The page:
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Do you recall the TV series "Cheers" with Ted Danson?  Well, for many people, the place to go to get some sort of religion is the local bar or pub where everybody knows your name, and where you can find some sympathy, and maybe even "hook-up."  You still have to pay your tithing, for the booze or soda (you don't have to drink booze), and if somebody gets too drunk, you can do a good turn and make sure they get home safely.  A kind of community, if you will.

 

Well then see if you can write to her, Robert, and tell her "problem solved." Encourage her to head to the local gin mill to partake of the convivial 'spirits' of brotherhood and sisterhood found within all the various bottles, cans and kegs stocked there; then all she has to do is make whiskey, vodka and wine the 'trinity' of her new quasi-religion. Finally, instruct her to make pretzels the 'host' and beer the 'libation' to be used in celebration of their communal love-fest and she's off and running with her nifty idea for a substitute LDS religion, a surefire way to 'inspire' and minister 'peace' to all who attend.

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We are on a path of faith and we each fall along a very wide spectrum of degrees of faith. It matters not whether someone yet believes in Jesus Christ much less the Book of Mormon, Bible, etc. What is absolutely vital is do they want to know or seek after truth.  If they do the door is open wide.  It matters not if they have no moral compass, life is in a shambles, the invitation is clear, Come and listen to the world of the Lord and be healed of all thy wounds.

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We are on a path of faith and we each fall along a very wide spectrum of degrees of faith. It matters not whether someone yet believes in Jesus Christ much less the Book of Mormon, Bible, etc. What is absolutely vital is do they want to know or seek after truth. If they do the door is open wide. It matters not if they have no moral compass, life is in a shambles, the invitation is clear, Come and listen to the world of the Lord and be healed of all thy wounds.

Much needed post, thank you.
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Scriptures regarding lukewarmness (and similar injunctions) notwithstanding, I prefer that someone find value in the Church and the Gospel of Jesus Christ, even if that value is limited to social benefits and solid moral teachings, as opposed to believing that the Church is God's Kingdom and that the Gospel is what saves humankind.  I'd rather they see the glass as being half-full rather than as completely empty.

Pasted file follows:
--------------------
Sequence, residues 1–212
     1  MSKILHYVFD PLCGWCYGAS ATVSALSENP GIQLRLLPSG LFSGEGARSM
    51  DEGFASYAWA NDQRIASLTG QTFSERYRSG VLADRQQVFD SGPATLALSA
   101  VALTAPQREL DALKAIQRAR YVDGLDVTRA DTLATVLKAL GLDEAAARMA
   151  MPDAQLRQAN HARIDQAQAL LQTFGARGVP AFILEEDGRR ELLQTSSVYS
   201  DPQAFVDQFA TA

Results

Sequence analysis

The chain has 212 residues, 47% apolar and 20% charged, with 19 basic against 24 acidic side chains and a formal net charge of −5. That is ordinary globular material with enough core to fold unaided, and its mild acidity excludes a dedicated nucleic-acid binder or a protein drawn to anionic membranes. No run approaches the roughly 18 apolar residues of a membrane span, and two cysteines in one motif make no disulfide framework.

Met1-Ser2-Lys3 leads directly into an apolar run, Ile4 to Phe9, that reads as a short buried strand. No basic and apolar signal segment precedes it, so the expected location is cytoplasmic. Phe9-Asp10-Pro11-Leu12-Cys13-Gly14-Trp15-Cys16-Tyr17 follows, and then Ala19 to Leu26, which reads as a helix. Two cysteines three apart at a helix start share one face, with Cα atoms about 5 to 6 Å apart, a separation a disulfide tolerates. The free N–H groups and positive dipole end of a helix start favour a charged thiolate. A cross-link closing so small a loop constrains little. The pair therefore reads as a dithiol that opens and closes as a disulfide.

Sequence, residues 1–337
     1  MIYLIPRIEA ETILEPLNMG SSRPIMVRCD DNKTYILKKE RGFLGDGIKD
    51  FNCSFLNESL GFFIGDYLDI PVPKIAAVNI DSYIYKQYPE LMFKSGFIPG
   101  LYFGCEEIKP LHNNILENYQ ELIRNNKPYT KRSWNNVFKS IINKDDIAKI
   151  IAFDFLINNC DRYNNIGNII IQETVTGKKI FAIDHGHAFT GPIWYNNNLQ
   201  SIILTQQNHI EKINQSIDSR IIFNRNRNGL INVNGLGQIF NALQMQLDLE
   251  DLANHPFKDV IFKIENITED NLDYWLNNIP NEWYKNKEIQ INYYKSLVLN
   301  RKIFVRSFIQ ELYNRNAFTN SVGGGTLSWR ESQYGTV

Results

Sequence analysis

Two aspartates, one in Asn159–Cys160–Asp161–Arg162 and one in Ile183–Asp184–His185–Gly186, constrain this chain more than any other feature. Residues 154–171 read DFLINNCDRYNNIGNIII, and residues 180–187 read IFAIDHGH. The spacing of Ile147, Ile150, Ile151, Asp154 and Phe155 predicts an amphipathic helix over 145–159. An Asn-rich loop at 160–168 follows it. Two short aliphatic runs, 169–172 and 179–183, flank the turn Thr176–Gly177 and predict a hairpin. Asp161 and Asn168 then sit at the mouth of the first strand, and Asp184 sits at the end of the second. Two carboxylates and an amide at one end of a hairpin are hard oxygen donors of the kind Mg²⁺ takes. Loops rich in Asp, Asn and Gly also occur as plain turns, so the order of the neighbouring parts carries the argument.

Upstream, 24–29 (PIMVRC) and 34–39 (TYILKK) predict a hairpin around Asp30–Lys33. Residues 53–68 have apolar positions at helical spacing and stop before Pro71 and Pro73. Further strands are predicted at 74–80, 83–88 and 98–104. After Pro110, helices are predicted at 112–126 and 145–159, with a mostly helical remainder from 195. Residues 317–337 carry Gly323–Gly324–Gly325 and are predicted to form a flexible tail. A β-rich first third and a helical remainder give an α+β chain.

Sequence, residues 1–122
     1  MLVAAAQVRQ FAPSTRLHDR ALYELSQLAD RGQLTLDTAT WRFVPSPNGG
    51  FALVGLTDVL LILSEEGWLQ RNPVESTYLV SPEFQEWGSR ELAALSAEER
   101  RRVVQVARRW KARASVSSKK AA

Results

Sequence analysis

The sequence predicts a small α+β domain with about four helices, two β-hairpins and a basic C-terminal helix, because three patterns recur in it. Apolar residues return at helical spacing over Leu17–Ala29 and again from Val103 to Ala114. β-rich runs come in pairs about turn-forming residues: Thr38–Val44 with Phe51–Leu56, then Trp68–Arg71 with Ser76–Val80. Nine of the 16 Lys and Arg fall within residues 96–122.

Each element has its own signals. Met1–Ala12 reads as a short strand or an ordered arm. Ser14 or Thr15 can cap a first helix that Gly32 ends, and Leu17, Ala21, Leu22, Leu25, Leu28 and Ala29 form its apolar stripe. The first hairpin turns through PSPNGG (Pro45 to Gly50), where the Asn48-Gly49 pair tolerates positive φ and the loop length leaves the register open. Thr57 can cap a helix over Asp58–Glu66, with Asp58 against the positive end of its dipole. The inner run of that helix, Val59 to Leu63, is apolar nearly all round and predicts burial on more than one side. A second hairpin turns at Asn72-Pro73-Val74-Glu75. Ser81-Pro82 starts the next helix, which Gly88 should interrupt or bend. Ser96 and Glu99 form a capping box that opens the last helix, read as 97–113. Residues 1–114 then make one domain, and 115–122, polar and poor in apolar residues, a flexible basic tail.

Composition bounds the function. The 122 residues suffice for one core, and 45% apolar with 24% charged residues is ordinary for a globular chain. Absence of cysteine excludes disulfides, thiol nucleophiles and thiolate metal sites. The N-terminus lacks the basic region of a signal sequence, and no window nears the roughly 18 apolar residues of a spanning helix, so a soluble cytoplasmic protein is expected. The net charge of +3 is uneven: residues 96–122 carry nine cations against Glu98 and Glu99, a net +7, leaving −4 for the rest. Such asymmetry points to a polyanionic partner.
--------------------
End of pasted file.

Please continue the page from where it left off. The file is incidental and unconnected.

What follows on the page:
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Well then see if you can write to her, Robert, and tell her "problem solved." Encourage her to head to the local gin mill to partake of the convivial 'spirits' of brotherhood and sisterhood found within all the various bottles, cans and kegs stocked there; then all she has to do is make whiskey, vodka and wine the 'trinity' of her new quasi-religion. Finally, instruct her to make pretzels the 'host' and beer the 'libation' to be used in celebration of their communal love-fest and she's off and running with her nifty idea for a substitute LDS religion, a surefire way to 'inspire' and minister 'peace' to all who attend.

I can see, Teddy, that you are unfamiliar with the tradition common in many cultures of social drinking as part of community activity.  Cops often have a bar they go to after a shift so that they can unwind with their buddies before they go home and take out their frustrations on the wife and kids.  English pubs are well known as a place of community refuge -- for the reasons I stated in post #10.  Not everyone is LDS, and many communities are unaware that there are non-drinking Mormons or Methodists in their midst.  You might try being  more understanding and compassionate toward those merely seeking a bit of friendly conviviality in their spare time.  Jesus, you may remember, was criticized for hanging out with drunks and other unseemly characters.

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I can see, Teddy, that you are unfamiliar with the tradition common in many cultures of social drinking as part of community activity.  Cops often have a bar they go to after a shift so that they can unwind with their buddies before they go home and take out their frustrations on the wife and kids.  English pubs are well known as a place of community refuge -- for the reasons I stated in post #10.  Not everyone is LDS, and many communities are unaware that there are non-drinking Mormons or Methodists in their midst.  You might try being  more understanding and compassionate toward those merely seeking a bit of friendly conviviality in their spare time.  Jesus, you may remember, was criticized for hanging out with drunks and other unseemly characters.

 

Now Robert, I'm well aware of the role bars, pubs and saloons play in many cultures. I don't come from Mars, you know (perhaps you think I do?). I was in a lighthearted mood and having some fun when I wrote that tongue-in-cheek response to your previous post. And speaking of that post, I also thought it was tongue-in-cheek as well. After all, it seems pretty silly to suggest bars and booze could ever be considered a reasonable substitute for the LDS religion. No?

Edited by teddyaware